Re: What are rules for double-tapping breakers
I commend you for being safety-conscious. It is a good question, and it does not have an easy answer. In fact, the only NEC article that I could find to back up your "calling this a defect" is going to come across (to your clients) as a bit "wishy-washy." The article is 110.3(B). It says,
Originally posted by tonype: I hope to get some clarification because occasionally an argument develops when I call this a defect. What other things should I be aware of?
If a breaker has two wires connected to it, and if the breaker was not listed for use with two wires, then it is a "defect," in the language of your profession. In our language, we would call it an "NEC violation."
Listed or labeled equipment shall be installed and used in accordance with any instructions in the listing or labeling.
On the other hand, if you see a breaker that is rated for two wires, and that has two wires, it will be tough for you (and even tough for an electrician) to tell if the load exceeds the rating of the breaker. You would have to have a list of everything that is connected to each wire, and have either the nameplate rating of each load or some other basis for determining the load. What Roger was referring to in his response to your Question #2 was that it is OK to load a 20 amp breaker to 20 amps, if the loads are not going to run "continuously." That term is defined as longer than 3 hours. So if you don't know the load, in detail, you can't reasonably call this a "defect."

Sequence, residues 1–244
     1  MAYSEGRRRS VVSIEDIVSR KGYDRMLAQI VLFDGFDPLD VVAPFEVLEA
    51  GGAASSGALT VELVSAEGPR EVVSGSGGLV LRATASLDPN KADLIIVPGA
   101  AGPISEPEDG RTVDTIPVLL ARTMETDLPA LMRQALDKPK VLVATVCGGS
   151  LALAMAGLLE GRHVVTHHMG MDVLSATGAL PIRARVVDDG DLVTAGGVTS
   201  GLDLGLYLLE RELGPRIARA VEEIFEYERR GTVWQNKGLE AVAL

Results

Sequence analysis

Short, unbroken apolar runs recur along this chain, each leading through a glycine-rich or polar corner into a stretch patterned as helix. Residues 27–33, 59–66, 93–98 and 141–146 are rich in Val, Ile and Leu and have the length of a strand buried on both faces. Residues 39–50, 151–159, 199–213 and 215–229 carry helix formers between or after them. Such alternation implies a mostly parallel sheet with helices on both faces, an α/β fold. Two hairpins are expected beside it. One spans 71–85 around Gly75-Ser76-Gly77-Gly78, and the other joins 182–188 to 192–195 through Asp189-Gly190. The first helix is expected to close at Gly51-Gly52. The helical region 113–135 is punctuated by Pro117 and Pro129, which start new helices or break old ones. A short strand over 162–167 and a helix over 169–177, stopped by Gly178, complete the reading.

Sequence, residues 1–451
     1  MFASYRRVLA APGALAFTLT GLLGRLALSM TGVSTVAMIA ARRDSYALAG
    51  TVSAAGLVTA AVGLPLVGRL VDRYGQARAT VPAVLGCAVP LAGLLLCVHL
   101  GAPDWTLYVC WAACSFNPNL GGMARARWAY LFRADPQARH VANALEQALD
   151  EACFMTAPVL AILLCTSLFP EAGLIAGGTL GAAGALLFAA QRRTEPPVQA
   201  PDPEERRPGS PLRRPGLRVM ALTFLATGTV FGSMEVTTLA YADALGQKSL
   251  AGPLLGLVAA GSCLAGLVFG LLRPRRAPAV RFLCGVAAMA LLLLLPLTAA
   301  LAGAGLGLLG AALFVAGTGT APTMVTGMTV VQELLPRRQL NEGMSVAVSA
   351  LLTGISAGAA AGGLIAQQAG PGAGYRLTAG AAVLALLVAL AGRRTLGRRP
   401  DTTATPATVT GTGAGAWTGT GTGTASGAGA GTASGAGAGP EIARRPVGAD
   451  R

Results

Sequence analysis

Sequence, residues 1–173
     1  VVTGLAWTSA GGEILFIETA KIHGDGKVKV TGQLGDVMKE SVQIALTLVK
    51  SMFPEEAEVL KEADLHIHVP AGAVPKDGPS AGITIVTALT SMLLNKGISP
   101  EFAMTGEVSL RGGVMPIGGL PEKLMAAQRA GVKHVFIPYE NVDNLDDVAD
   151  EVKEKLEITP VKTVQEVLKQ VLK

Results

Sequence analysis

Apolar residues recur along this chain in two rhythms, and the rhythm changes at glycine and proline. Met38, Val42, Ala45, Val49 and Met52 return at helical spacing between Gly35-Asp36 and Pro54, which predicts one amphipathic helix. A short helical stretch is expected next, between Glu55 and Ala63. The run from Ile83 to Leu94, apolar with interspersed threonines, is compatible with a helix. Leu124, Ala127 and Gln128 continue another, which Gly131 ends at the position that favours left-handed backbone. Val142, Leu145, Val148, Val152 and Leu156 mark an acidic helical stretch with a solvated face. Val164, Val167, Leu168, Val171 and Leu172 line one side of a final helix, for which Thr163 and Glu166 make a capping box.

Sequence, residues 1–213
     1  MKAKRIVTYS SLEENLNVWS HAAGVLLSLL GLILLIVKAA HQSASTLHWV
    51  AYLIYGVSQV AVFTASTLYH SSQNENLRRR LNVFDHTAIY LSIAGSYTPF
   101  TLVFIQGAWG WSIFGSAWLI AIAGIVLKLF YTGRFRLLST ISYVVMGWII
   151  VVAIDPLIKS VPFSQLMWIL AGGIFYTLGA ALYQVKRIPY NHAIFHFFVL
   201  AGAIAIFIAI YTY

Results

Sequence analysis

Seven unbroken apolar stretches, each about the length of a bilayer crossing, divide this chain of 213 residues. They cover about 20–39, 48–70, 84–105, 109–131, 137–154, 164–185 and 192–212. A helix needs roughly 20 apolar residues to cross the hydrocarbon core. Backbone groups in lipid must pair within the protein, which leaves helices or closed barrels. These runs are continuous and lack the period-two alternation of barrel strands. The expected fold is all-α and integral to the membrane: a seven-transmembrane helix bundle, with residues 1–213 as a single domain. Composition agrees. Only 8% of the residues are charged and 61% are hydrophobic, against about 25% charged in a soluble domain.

Perhaps the best you can do is to cite the double-wire condition as something that you recommend be investigated by an electrician, since it is beyond your role to determine what is, and what is not, an NEC violation.
By the way, in our language, the words "tap" and "tapping" do not apply to the practice you are describing. I have heard this called "double-lugging a breaker," but not "double-tapping a breaker."
Charles E. Beck, P.E., Seattle
Comments based on 2014 NEC unless otherwise noted.